September 1, 1994 |
Owner's box, Veterans Stadium, third exhibition game. The Eagles have just defeated the Cincinnati Bengals. It is the first and - as it turns out - the only victory of the Jeffrey Lurie era, and the new owner is pleased. The final whistle blows. Eagles win! Eagles win! Seated in the first row of the box, Lurie slowly gets to his feet and begins to applaud. Then the guy sitting to his left notices and stands up and begins clapping. Then the guy to his right - who happens to be club president Harry Gamble - notices and stands up and begins clapping.
September 24, 1998 |
The Eagles are now 0-3 with no end of losses in sight. Who's to blame? Bobby Hoying? Ray Rhodes? The Bank of Boston? If there is an enduring article of faith in this town, it is that Jeffrey Lurie paid too much for the Birds. Or more on point: borrowed too much from that New England institution, more than $190 million. And now, those who subscribe to this theory will tell you, he is unable or unwilling to spend what it takes to make the team a winner. But is it so?
March 6, 1994 |
Jeffrey Lurie loves pro football so much that he is apparently willing to shell out $185 million for the Eagles. But the similarities between Lurie and a stogie-puffing, chest-thumping, headline-craving, old-boys'-network-aspiring professional sports team owner end right there. Lurie, the 42-year-old heir to a publishing fortune, appears to be a real '90s kind of guy. He has a Ph.D. in social policy from Brandeis University. His doctoral dissertation was titled "The Depiction of Women in Hollywood Movies.
January 13, 1995 |
Bill Walsh, who built the San Francisco 49ers into a Super Bowl dynasty, is trying to help Jeffrey Lurie do the same thing in Philadelphia by brokering a deal between his old friend Dick Vermeil and the Eagles. And it appears that Walsh's efforts could pay off. Representatives of Lurie, the Eagles' owner, and Vermeil reviewed counterproposals yesterday, and there is evidence of renewed life for a deal that could bring Vermeil to the Eagles as head coach and general manager. But Lurie, sources said, may not be done interviewing other head coaching candidates.
November 10, 1994 |
Veterans Stadium was abuzz - and the Eagles' front office puzzled - yesterday over head coach Rich Kotite's latest remarks about his job status. Kotite expanded on comments he'd made on Tuesday in The Inquirer, acknowledging that new team owner Jeffrey Lurie had made him "a lame duck" coach and that he, too, would evaluate his situation after the season. "I get along extremely well with (Lurie)," Kotite said yesterday after the team's first practice for Cleveland, which will be at Veterans Stadium on Sunday.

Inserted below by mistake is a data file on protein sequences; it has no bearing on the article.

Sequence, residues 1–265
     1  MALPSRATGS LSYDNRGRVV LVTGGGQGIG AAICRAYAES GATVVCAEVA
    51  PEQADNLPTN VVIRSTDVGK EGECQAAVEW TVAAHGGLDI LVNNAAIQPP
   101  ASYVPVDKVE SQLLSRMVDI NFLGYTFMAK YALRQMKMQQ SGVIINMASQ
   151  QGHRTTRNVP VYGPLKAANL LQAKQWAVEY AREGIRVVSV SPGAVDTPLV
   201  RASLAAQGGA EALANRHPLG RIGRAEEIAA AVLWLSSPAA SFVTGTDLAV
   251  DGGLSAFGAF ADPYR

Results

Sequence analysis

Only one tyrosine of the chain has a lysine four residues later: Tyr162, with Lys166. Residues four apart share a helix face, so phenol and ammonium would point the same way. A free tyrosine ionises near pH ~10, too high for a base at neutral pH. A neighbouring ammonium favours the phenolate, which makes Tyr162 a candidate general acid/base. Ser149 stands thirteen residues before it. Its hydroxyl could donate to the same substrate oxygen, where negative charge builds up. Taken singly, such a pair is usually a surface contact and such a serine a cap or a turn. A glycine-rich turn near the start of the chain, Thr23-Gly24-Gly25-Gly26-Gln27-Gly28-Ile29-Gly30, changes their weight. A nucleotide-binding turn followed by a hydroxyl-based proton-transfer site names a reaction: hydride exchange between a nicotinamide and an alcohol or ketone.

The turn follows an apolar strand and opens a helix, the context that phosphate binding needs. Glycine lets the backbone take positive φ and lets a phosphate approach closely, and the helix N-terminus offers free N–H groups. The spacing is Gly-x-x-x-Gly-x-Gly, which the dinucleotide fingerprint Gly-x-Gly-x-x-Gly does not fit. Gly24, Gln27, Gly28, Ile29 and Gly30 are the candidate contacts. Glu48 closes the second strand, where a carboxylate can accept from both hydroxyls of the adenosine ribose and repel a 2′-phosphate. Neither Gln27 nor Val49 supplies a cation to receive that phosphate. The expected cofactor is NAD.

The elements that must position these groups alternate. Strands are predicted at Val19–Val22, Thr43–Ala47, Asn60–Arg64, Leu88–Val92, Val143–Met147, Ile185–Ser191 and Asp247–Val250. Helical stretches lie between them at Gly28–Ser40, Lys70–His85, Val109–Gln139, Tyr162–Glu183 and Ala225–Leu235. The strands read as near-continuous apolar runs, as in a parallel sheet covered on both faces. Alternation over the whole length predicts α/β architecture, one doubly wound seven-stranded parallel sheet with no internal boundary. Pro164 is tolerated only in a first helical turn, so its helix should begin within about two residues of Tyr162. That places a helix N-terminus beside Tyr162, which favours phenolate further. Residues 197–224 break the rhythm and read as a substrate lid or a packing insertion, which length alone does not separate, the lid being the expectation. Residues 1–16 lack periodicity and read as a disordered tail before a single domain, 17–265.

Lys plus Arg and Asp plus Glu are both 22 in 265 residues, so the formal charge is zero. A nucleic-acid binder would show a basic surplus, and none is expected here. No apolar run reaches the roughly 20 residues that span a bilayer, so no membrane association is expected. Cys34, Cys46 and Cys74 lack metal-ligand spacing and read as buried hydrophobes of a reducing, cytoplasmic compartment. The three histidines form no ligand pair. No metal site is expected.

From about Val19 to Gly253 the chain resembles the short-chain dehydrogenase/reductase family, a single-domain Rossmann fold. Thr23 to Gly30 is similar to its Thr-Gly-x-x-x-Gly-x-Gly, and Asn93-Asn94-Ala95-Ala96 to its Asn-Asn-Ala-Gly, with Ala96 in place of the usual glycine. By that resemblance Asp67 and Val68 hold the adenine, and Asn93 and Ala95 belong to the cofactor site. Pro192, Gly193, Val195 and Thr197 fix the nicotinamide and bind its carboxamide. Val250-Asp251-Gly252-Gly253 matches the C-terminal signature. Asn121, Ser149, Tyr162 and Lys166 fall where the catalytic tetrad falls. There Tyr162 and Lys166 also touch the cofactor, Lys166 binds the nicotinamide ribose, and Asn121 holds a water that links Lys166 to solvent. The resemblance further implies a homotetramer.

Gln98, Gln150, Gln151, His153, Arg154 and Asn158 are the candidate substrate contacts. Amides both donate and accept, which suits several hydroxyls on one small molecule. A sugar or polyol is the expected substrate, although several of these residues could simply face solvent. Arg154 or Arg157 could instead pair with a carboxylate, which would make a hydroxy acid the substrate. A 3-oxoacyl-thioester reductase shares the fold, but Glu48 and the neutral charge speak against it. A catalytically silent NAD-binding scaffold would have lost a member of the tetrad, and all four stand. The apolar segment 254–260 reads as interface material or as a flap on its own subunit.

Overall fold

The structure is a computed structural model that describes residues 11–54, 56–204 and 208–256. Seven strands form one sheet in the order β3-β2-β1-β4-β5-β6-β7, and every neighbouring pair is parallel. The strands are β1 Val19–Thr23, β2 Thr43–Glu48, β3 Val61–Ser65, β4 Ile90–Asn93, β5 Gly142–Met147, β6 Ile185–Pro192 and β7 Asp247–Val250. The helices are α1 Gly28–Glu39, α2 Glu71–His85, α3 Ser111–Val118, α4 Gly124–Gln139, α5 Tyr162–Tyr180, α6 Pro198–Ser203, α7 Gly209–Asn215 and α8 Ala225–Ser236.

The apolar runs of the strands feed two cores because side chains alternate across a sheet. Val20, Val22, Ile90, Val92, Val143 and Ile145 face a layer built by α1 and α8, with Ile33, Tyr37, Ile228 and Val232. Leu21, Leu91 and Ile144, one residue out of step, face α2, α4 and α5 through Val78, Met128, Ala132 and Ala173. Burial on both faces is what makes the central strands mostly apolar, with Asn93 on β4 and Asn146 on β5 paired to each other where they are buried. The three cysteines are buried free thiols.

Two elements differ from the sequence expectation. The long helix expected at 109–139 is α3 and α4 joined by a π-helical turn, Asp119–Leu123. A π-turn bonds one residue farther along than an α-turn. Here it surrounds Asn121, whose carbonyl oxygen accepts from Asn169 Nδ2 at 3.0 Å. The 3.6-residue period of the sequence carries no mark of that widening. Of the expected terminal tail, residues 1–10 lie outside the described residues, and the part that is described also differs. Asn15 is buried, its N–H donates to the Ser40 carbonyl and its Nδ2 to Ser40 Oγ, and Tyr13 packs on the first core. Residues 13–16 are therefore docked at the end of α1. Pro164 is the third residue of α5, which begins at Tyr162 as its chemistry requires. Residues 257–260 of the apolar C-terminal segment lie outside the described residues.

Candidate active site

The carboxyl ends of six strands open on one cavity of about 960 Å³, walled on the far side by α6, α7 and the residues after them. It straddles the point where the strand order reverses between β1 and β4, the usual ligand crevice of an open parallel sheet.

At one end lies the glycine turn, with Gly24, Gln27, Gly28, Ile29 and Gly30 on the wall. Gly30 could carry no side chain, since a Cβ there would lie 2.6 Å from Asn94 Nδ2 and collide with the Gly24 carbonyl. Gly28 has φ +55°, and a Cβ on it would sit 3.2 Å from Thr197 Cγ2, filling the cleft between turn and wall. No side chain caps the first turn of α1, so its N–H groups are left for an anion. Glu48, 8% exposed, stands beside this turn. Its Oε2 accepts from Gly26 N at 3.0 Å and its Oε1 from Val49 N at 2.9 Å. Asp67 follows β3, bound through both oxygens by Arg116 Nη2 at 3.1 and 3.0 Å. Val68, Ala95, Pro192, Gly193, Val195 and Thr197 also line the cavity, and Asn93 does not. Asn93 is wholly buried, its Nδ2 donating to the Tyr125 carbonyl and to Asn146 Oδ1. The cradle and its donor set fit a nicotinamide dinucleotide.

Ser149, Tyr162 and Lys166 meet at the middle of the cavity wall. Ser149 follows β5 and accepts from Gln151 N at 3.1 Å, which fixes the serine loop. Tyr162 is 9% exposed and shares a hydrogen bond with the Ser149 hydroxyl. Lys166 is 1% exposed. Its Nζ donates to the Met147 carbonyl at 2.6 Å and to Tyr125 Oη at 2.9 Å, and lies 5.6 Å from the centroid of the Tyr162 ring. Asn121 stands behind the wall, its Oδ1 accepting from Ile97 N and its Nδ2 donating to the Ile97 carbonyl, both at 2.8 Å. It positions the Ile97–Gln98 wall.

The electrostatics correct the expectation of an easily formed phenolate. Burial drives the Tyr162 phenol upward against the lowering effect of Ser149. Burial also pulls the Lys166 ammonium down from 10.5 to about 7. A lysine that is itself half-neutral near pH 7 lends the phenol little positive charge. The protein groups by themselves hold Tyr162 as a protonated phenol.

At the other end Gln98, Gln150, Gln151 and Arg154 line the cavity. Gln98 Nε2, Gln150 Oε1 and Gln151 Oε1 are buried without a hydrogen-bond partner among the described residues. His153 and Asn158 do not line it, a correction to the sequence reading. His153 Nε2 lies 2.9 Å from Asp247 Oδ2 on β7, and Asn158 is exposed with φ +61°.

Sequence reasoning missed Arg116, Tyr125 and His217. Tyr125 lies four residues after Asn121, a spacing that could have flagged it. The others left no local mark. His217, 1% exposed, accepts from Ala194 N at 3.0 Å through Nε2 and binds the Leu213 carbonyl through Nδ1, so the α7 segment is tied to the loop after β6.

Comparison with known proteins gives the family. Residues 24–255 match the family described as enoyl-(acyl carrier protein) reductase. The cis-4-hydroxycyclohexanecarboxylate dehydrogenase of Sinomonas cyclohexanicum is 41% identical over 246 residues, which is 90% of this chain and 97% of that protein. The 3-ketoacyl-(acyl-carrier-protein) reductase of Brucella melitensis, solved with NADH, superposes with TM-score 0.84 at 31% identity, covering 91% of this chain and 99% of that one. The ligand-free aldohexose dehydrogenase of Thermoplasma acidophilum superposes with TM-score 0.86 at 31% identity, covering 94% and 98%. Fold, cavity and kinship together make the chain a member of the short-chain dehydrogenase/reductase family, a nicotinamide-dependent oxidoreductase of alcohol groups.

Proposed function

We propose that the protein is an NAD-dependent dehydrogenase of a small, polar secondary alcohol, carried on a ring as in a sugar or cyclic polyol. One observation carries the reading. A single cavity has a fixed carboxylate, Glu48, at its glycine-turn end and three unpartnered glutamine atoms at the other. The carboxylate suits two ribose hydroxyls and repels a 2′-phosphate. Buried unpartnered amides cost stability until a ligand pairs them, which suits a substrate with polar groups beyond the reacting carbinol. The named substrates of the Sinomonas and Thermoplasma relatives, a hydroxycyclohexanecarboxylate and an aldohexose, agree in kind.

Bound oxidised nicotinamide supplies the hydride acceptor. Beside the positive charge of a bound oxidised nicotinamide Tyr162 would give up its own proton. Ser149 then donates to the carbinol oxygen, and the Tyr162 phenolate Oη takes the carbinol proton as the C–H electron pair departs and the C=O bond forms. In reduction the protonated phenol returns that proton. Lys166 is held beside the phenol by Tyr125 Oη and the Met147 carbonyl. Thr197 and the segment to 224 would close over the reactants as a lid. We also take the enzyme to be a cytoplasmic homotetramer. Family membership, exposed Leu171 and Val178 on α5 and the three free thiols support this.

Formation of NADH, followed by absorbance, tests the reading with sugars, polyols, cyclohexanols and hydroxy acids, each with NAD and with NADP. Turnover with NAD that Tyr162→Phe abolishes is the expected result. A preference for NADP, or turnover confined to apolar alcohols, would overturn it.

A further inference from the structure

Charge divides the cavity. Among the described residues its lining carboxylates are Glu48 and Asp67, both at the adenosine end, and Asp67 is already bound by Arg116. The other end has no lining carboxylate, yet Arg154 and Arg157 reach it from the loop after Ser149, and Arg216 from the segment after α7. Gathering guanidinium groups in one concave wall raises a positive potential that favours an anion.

April 7, 1994 |
Miami car dealer Norman Braman - who kept pro football in Philadelphia and built a foundering franchise into a perennial contender, but whose tough negotiating tactics soured his relationship with many players and fans and led to free-agency defections - agreed yesterday to sell the Eagles to Hollywood producer Jeffrey Lurie for a record $185 million. The sale, which must be approved by three-fourths of the NFL's 28 owners, should be completed in four weeks, ending Braman's nine turbulent years as owner of one of the most profitable and enduring franchises in all of pro sports.
August 14, 2014 |
FOXBOROUGH, Mass. - Jeffrey Lurie purchased the Eagles 20 years ago after a failed attempt to buy the New England Patriots. Reflecting on that period at the Patriots' practice field Tuesday, the Eagles owner said he has not looked back and is grateful that an opportunity came up in Philadelphia. "I sort of love the fact that I was able to buy a team where it was more urban because the Patriots were in Foxborough," Lurie said. "A fan base like the Eagles, one of the old-line franchises.
August 15, 2014 |
FOXBOROUGH, Mass. - They remain, by far, the most infamous words of Jeffrey Lurie's 20 years as Eagles owner. Gold standard. Those two words have stuck to the man like Gorilla Glue. Eleven years have passed since Lurie uttered that ill-timed and poorly conceived phrase that has been used against him in the court of public opinion. The funny thing is, Lurie's intended message was not that far off base. It's important to point out the entirety of what the Eagles owner said that day in 2003.
June 10, 2013 |
After 10 seasons at Lincoln Financial Field, the Eagles are investing $125 million to renovate the stadium during the next two years. The privately financed project will include a seating expansion, two new high-definition video boards, upgraded amenities, WiFi installation, imagery of great moments and players throughout team history, and two new connecting bridges for the upper concourses. The project was started in 2010 and has included research of season-ticket holders, the season-ticket advisory board, and focus groups of fans, as well as surveying architectural firms that have built stadiums since Lincoln Financial Field opened.
February 27, 2013
A story Monday on the Academy Awards did not mention that Inocente , winner of the Oscar for best documentary short subject, had five executive producers, among them Jeffrey Lurie, owner of the Eagles. The Inquirer wants its news report to be fair and correct in every respect, and regrets when it is not. If you have a question or comment about news coverage, contact assistant managing editor David Sullivan (215-854-2357) at The Inquirer, Box 8263, Philadelphia 19101, or e-mail firstname.lastname@example.org .